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Setting boundaries with clients: Why it’s essential for a healthy, happy work-life integration (and how to do it)

As iMarketers, we’re a little less about work-life balance and a little more about work-life integration. After all, integration is really the main reason this whole working-from-home and being-our-own-boss life appeals to us. We want the conference calls and our fuzzy slipper-socks. Simultaneously. We want the mid-afternoon trips to the (practically empty!) grocery store and the networking dinners.

But it can go too far. If we’re not clear with ourselves up front about what boundaries we are comfortable with, then we can’t possibly be clear with our clients. And if we’re not clear with them, we can end up in a situation where we’re getting nightly texts about work at an hour in which we’d much rather be powering down the laptop and powering up the latest episode of This Is Us.

Not that we’re speaking from experience. (Yes, we are. We totally are.)

The great thing about work-life integration is that a lot of times, clients are friends and work doesn’t seem like work. The tough thing about work-life integration — and working from home in general — is that it can be hard to find the “OFF” button when you really need one. There will be times when you don’t want to do anything but focus on your kid’s soccer game or enjoy a quiet dinner with your hubby or get a pedicure without your phone buzzing and flashing with text messages, Facebook messages, Snapchats and notifications from your favorite project management software. Suddenly, that pedicure feels a lot less relaxing.

Plus! Along with the overwhelming feeling that can come with being a little too bombarded 24-7 is also the very real problem of tracking all these conversations happening with different clients over different channels. At some point, you’ll need to go back and search for that great tagline idea you brainstormed, but can’t remember whether it’s buried in a text or an email chain or in the comments of a Facebook post the client randomly tagged you in last week. This isn’t just annoying — it’s also an incredibly inefficient use of your already limited time.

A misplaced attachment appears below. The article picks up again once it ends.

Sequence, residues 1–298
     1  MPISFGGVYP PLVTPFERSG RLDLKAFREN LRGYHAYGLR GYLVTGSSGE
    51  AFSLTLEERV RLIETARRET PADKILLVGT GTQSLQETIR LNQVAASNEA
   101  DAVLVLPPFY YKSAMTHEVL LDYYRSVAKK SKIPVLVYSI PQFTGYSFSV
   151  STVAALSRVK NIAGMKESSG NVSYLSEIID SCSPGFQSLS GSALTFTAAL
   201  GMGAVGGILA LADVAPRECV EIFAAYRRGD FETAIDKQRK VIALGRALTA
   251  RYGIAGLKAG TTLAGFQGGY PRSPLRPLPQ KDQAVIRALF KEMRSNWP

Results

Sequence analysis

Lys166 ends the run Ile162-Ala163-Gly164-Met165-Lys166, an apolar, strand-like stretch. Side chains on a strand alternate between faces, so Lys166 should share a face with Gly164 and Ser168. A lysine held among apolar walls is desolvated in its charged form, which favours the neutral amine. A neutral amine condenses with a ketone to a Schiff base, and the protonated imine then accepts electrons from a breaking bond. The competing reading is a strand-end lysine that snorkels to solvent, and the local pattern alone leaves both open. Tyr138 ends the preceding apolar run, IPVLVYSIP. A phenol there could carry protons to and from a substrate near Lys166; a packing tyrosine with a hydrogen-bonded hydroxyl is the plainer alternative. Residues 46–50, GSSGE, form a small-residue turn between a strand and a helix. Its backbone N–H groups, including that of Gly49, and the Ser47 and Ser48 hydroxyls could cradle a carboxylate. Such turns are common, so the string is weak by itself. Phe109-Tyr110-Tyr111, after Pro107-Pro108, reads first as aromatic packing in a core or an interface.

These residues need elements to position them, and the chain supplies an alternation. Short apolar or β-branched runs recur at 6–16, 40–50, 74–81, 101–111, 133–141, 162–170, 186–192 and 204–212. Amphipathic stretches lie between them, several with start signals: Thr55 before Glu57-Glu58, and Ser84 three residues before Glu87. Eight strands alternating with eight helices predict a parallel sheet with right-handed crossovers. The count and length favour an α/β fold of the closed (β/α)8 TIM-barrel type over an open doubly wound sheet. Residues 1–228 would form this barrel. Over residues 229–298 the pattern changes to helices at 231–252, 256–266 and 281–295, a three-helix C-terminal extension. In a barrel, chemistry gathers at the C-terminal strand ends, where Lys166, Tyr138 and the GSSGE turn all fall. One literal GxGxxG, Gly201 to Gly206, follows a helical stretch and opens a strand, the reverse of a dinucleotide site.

So, start with some basic rules.

Decide what kind of integration limitation will work best for you and your schedule. Maybe, generally speaking, you won’t want to answer client messages after 8 p.m. or at all on Sundays. The best, most effective way to make that clear is to start out that way from the beginning. Simply don’t respond to messages sent on a Sunday or late at night until the following morning.

Sure, there will be times when you’ll still want – or need – to work later than 8 p.m. On those nights, it will be tempting to respond. Resist the urge! The more consistent you are in the timing of your responses, the clearer your schedule will become to the client. You’re conditioning him or her to think, “I’ll send this now while I’m thinking of it, but it’s pretty late, so I’m sure she’ll get back to me in the morning.”

Also, decide which channels you want to use the most for communicating with clients. Maybe you have a separate work email you use only for your clients and subcontractors in order to keep important messages from getting lost among all those spammy-sales emails from Stitch Fix, Groupon and Pottery Barn Kids. Gently direct any outside conversation back to that email address. If you find a conversation is getting too in-depth over text, for instance, send a quick follow-up email that recaps the conversation with a little “P.S. Just sending this here so I can find it later and none of our awesome ideas get lost in the shuffle!”

If it’s gone too far, have a conversation.

Maybe you responded to that late-night text question one too many times at the beginning of your iMarketer-client relationship, and now you feel like you have to respond to them all. If it’s gotten to the point where your phone notifications are subconsciously — or consciously — stressing you out, it’s time to dial it back.

Go ahead and try subtly first: “Sorry I didn’t respond sooner! I’ve been working on untethering myself from my phone in the evenings!” If that doesn’t work and you’re still feeling the pressure to be available at all the times and on all the channels, then go for blunt. “Hey, I know I’ve been available most evenings in the past, but I’m trying out a new schedule. If you contact me after 8, I probably won’t be able to respond until the next day. Just wanted you to be aware!” Chances are, they’ll back right off and your phone will get a little break from all that nightly action.

Remember that the key for long-lasting work-life integration is not to burn yourself out but to keep some healthy boundaries around yourself and your time.

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